US 6356536 B1
The invention relates to an improved front-end circuitry for a radio transceiver for which the receiver and transmitter share a common transmission path, which is switched between the receiver and transmitter during operation. An additional switch is placed between the RF switch and the receiver circuitry, and, preferably, in close proximity to the receiver circuitry. The switch is configured to provide a low impedance electrical path to ground for the receiver circuitry input during transmission sequences and an open circuit during receiving sequences. Coupling the receiver input to ground during transmission sequences at a location proximate to the receiver input significantly reduces the amplitude of all unwanted signals appearing at the receiver's input during transmission sequences, especially attenuated and/or delayed replicas of the transmitted signal itself. These signals can result in distortion of the transmitted signal due to feedback into the transmitter chain, and/or damage to the sensitive electronics of the receiver.
1. A front-end circuit for a radio transceiver having a receiver, a transmitter and an antenna, said front-end circuitry comprising:
a. a common signal path connected to said antenna and shared by the transmitter and receiver of the radio transceiver;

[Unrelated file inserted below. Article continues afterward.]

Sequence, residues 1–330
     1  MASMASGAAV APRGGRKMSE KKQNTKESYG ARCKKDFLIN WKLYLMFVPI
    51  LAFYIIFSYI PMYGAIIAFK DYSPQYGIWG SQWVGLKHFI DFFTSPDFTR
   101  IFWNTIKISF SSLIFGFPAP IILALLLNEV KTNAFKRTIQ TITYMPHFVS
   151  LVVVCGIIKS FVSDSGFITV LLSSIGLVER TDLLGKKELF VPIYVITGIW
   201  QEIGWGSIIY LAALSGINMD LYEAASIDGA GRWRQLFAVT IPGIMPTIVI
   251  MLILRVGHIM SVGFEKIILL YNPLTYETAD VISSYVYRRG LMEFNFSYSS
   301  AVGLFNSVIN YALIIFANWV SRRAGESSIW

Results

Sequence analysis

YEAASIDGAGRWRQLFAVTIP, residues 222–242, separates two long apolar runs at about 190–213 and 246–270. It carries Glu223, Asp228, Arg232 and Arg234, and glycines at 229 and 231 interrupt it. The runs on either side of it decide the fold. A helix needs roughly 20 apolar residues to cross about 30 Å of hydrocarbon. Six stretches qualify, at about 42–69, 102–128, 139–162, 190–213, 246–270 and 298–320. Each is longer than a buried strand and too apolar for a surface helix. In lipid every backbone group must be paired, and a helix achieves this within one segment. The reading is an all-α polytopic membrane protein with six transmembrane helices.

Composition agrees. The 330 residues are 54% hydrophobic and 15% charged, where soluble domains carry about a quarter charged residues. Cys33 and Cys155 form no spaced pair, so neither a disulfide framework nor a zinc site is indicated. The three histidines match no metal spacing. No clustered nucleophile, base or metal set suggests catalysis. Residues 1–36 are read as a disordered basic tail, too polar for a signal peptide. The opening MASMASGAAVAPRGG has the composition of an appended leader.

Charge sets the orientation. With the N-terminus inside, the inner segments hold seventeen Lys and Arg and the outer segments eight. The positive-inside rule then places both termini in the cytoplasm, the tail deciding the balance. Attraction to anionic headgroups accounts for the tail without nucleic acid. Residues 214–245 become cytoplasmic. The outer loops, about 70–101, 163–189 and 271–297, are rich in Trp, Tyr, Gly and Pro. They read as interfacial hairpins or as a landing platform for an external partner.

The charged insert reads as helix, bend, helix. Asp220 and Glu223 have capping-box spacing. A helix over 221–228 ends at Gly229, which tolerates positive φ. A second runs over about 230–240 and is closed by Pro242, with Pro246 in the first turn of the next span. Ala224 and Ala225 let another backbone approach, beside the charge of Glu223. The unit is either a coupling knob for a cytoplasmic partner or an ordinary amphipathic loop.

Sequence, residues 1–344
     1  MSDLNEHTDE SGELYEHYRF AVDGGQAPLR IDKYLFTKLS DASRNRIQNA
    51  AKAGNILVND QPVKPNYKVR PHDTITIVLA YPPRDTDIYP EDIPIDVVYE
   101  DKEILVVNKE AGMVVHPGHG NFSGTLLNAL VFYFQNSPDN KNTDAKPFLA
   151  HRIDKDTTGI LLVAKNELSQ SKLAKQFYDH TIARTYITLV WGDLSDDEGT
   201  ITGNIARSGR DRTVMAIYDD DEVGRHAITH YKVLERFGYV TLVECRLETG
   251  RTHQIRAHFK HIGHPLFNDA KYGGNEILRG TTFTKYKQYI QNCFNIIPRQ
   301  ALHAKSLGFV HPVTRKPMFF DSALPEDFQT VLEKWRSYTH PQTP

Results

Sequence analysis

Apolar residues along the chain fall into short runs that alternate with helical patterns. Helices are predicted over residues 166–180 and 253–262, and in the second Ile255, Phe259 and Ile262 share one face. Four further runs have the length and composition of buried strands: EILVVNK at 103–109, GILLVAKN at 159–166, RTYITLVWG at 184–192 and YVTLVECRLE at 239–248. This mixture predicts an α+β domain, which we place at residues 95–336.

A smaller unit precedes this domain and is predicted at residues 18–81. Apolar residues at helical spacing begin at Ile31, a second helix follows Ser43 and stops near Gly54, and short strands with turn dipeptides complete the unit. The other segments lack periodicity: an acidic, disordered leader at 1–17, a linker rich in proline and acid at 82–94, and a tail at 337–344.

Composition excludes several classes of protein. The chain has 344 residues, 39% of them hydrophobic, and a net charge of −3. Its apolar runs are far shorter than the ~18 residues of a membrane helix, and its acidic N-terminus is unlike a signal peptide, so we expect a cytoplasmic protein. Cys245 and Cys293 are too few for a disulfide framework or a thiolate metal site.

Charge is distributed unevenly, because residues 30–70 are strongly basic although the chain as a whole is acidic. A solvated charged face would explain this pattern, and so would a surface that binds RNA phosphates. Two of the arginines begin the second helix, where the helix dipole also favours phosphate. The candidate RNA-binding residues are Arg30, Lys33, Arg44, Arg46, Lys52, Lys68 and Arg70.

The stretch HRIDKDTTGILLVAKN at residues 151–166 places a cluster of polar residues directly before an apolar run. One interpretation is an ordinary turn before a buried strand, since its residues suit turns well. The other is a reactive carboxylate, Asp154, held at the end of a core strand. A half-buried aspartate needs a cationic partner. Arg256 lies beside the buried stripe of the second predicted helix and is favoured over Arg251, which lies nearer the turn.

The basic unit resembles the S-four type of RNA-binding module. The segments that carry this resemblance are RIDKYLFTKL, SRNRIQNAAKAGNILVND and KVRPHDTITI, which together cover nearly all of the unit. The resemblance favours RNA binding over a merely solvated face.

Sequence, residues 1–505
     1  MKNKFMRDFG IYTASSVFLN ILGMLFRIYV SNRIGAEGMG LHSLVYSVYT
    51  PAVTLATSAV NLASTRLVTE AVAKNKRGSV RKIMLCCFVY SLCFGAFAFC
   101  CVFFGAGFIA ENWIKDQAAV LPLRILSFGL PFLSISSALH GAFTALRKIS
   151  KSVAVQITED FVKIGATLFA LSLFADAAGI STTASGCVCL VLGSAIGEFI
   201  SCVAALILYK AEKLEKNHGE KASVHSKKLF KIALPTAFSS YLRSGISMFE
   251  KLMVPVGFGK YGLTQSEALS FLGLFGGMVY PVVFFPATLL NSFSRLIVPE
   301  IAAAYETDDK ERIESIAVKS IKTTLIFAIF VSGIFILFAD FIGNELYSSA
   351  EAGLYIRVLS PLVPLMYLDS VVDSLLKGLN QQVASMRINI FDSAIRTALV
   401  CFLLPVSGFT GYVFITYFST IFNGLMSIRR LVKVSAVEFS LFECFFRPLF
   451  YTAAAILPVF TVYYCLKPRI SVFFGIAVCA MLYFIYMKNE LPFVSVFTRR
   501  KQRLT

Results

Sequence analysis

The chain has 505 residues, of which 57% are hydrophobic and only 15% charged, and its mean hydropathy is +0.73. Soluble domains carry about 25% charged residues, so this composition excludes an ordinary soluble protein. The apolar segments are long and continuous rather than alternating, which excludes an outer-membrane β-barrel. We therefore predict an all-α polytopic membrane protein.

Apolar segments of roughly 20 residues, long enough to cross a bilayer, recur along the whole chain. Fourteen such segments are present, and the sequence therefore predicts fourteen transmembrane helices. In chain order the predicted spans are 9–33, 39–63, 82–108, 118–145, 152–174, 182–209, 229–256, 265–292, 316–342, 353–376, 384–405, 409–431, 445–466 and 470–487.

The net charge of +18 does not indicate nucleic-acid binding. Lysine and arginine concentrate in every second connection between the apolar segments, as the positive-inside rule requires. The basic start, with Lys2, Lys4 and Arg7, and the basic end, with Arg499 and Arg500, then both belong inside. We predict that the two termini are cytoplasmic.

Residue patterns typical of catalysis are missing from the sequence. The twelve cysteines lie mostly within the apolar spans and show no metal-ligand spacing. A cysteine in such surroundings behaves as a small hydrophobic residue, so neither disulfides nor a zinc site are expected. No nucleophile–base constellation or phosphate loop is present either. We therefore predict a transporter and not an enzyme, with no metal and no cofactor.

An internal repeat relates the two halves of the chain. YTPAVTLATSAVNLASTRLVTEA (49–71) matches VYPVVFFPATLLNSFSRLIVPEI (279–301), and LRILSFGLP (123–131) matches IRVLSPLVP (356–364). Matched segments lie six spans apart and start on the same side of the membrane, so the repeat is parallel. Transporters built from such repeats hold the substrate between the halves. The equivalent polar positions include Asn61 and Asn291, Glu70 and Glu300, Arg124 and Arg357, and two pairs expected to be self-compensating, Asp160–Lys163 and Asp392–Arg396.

b. an RF Transmit/Receive (T/R) switch for alternately coupling the transmitter and receiver to the common signal path, said T/R switch having a first state coupling the transmitter to the common signal path and a second state coupling the receiver to the common signal path via a receive signal path; and
c. a shunt switch connected between said receive signal path and an electronic ground, said shunt switch distinct from said T/R switch and disposed downstream on said receive signal path from said T/R switch, said shunt switch having a first shunt state coupling said receive signal path to ground and a second shunt state not coupling said receive signal path to ground, wherein said shunt switch is placed in said first shunt state during transmission and in said second shunt state during reception.
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18. A radio transceiver comprising:
a. an antenna;
b. a receiver;
c. a transmitter;
d. front-end circuitry coupled between said antenna and said receiver and transmitter, said front-end circuitry further comprising:
i. a common signal path connected to said antenna and shared by the transmitter and receiver of the radio transceiver;
ii. a RF Transmit/Receive (T/R) switch having a first state for coupling the transmitter to the common signal path and a second state for coupling the receiver to the common signal path via a receive signal path; and